Please join Project Apis m. for our first webinar of 2020.
We hope to see you there! Click here to join us June 23rd at 10:00am Pacific Time.
Download the Webinar Flyer with Links Here
The PAm Wildflower Mix pictured here is designed to increase the density, diversity and duration of blooming plants available for foraging bees. Different flowers bloom at different times of the year providing extended nutritional benefits for pollinators. Seeds for Bees cover crop and wildflower seed mixes can help farmers and growers become Bee Friendly Certified!
Bee Friendly Farming (BFF) is a farm certification program dedicated to providing farmers science-based guidelines to provide a healthy habitat for managed and native pollinators on their operations. Since 2013, the program has certified over 800 farms across North America through an online self-certification. Bee Friendly Farming is an initiative of Pollinator Partnership, the world’s largest non-profit dedicated exclusively to the protection and promotion of pollinators and their ecosystems. For more information about Pollinator Partnership and Bee Friendly Farming, visit pollinator.org/bff or Bee Friendly Farming on Facebook.
Bee Friendly Farming works closely with our partners Project Apis m. and its Seeds for Bees program to help farmers make good seed choices and incorporate cover crops into their management practices for free or at a reduced cost. Just like the synergy and mutual benefits of a cover crop to farm and pollinator, our partnership with Seeds for Bees mean that we can introduce our BFF members to a program offering superior and proven seed mixes. And Seeds for Bees can help promote Bee Friendly Farming certification.
In 2006, Project Apis m. began working diligently for commercial beekeepers by investing in research and science to solve honey bee health challenges. Founders contributed funds to support applied research projects to answer priority questions. Since then, PAm has become the largest honey bee non-profit. It has invested over $8 Million in 118 practical research projects and over $2 Million in restoring habitat to provide nutrition to honey bees. We think of ourselves as “by the beekeepers, for the beekeepers,” and strive to be the go-to resource for answers. We are proud of where we are, excited by where we are going, and we know that none of this would have been possible without the vision, hard work, and tireless enthusiasm of Project Apis m’s founding leader – Christi Heintz. With Christi’s recent untimely passing, we hope you will join us in recognizing her contributions and the legacy she left for the beekeeping industry, through her leadership and friendship by contributing to the Christi Heintz Memorial Award.
While toilet paper was undoubtedly the hottest commodity this spring, the rush to stock up on pantry items also included honey. Are people buying it because it is comforting? Or because they know it does not go bad? The global pandemic has led to all kinds of anomalies and challenges so far this year. Here are some of the ways we have seen beekeepers and researchers respond.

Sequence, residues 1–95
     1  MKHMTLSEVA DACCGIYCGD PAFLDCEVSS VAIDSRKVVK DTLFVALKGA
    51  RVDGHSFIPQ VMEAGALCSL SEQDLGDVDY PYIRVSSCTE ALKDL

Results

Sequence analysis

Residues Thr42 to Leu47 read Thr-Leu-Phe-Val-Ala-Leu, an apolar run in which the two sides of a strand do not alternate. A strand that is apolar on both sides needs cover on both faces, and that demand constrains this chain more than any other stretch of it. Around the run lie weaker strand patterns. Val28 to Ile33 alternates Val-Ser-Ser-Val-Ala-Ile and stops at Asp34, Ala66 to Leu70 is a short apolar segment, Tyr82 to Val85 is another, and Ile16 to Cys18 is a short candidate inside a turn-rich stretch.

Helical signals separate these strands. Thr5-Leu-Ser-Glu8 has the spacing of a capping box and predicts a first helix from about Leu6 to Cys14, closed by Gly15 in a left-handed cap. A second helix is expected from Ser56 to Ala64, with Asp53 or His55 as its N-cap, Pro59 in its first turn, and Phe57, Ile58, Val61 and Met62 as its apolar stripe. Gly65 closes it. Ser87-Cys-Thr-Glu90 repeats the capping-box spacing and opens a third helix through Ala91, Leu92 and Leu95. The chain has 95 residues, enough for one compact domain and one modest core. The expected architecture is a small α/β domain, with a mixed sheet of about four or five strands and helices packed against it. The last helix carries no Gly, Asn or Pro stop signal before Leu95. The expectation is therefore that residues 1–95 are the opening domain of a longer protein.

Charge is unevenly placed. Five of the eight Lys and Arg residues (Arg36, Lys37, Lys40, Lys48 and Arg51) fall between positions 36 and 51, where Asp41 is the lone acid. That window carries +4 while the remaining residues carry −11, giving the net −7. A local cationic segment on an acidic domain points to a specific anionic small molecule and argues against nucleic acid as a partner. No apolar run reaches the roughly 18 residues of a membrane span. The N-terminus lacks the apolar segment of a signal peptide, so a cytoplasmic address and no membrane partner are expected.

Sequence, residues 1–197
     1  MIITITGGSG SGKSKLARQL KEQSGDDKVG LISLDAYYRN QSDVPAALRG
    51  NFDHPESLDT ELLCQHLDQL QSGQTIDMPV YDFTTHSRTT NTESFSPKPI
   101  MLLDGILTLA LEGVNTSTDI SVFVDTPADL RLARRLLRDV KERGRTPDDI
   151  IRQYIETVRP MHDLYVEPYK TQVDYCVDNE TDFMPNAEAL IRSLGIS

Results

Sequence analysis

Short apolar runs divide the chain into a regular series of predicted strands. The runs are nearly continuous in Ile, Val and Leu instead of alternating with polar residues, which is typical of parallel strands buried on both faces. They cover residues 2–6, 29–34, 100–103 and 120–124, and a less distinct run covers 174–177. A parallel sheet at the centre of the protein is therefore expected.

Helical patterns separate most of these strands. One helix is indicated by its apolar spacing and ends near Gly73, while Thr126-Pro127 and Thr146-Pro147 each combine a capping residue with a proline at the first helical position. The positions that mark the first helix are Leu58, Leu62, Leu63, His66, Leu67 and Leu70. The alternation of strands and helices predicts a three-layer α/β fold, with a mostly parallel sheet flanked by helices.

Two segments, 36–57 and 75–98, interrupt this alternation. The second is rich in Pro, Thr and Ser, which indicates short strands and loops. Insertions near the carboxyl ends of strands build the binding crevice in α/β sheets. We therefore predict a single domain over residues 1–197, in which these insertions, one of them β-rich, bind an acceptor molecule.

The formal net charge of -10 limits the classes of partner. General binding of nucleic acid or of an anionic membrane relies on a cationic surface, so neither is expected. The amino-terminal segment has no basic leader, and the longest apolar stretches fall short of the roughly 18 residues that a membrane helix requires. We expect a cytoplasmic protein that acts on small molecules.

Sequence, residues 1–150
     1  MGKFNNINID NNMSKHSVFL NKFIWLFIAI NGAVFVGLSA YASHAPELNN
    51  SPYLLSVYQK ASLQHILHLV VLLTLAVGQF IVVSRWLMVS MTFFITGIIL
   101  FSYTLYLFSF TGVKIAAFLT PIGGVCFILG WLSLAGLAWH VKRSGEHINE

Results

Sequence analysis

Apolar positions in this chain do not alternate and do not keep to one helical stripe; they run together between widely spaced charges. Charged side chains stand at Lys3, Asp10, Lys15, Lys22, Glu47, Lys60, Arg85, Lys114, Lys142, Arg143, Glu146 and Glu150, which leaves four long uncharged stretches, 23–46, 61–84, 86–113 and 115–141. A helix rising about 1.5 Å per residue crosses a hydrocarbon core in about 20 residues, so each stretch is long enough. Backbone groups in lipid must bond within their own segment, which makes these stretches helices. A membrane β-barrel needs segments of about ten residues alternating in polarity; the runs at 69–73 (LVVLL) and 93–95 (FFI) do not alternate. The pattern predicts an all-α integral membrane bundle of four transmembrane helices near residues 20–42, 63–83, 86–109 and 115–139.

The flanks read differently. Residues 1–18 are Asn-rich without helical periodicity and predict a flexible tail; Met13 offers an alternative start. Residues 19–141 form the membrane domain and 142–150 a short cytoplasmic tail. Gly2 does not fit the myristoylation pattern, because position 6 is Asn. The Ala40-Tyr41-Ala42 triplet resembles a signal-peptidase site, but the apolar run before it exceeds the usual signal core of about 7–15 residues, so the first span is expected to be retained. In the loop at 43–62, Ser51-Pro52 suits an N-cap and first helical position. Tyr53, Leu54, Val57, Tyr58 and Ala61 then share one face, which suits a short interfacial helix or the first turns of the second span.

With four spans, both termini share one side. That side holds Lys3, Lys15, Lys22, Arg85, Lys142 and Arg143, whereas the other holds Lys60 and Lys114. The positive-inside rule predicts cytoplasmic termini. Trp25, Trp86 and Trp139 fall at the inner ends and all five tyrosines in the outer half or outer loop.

Many of us know blueberries as the tart and sweet fruit that is mixed into yogurt or made into muffins. Beekeepers know blueberries as a source of pollination income year after year, often right on the heels of almond pollination. If the blueberry bushes bloom early, as they did this year in some areas, there can be a rush to get the bees there to pollinate in time.
Healthy Hives 2020 is a partnership between Project Apis m. and Bayer to support needed research and practical projects. This multi-year, $1.3 million research initiative is laser focused on finding measurable and tangible solutions for beekeepers to improve U.S. honey bee colony health. With PAm’s administrative support, Healthy Hives 2020 has funded 14 research and collaborative projects.
There has been a buzz of information this week about the "murder wasp". If you are looking for factual information about the Asian Giant Hornet, here is a good fact sheet from Washington State University. And here is a report on its damage in Asia, translated at The Ohio State University:
photo by Washington State Department of Agriculture. Not for commercial use. photo URL.
This video also shows how it raids a honey bee hive. If you live in an affected area, check out the Washington State Department of Agriculture's website for resources on what the wasp looks like, how to report a sighting, and a friendly reminder to stay safe.
For honey bees, queen health is synonymous with colony health. Failing queens are a common reason cited for colony losses. New research, funded in part by PAm, describes conditions when queens might be vulnerable to heat stress, which could damage fertility.
The first round of the North American Mite-A-Thon is right around the corner. From May 2nd through May 17th submit your mite counts to help keep track of varroa across the United States, Canada, and Mexico.
You can also participate in the second round of mite counting, August 15th through August 30th.
Use a sugar shake, or an alcohol wash, to measure your varroa and submit your data here. The Honey Bee Health Coalition has a video demonstrating both methods.
On March 6, Washington State University (WSU) opened the doors to it’s new Honey Bee & Pollinator Research, Extension and Education Facility. WSU says “the new facility will give the research team enough room to do commercial-scale experiments. They will be able to measure the effectiveness of controlled atmosphere storage and dial in the best way for beekeepers to use it to help their bees.” As indoor storage becomes a more widely used management practice for commercial beekeepers, the new WSU facility is an important tool for researchers to help beekeepers understand and use Best Management Practices surrounding the practice.